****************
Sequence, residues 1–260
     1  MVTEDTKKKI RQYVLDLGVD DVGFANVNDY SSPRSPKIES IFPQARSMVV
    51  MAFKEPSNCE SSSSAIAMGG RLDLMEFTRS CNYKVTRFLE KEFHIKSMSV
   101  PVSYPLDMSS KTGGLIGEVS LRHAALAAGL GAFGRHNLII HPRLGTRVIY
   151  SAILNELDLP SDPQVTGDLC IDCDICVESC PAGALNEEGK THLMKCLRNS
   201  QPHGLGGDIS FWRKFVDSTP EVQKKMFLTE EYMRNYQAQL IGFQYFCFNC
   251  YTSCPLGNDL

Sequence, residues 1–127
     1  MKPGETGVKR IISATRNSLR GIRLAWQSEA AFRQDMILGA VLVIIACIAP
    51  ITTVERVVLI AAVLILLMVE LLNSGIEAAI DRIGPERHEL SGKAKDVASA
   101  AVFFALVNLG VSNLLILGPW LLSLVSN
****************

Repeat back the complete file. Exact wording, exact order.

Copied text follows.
Sequence, residues 1–260
     1  MVTEDTKKKI RQYVLDLGVD DVGFANVNDY SSPRSPKIES IFPQARSMVV
    51  MAFKEPSNCE SSSSAIAMGG RLDLMEFTRS CNYKVTRFLE KEFHIKSMSV
   101  PVSYPLDMSS KTGGLIGEVS LRHAALAAGL GAFGRHNLII HPRLGTRVIY
   151  SAILNELDLP SDPQVTGDLC IDCDICVESC PAGALNEEGK THLMKCLRNS
   201  QPHGLGGDIS FWRKFVDSTP EVQKKMFLTE EYMRNYQAQL IGFQYFCFNC
   251  YTSCPLGNDL

Sequence, residues 1–127
     1  MKPGETGVKR IISATRNSLR GIRLAWQSEA AFRQDMILGA VLVIIACIAP
    51  ITTVERVVLI AAVLILLMVE LLNSGIEAAI DRIGPERHEL SGKAKDVASA
   101  AVFFALVNLG VSNLLILGPW LLSLVSN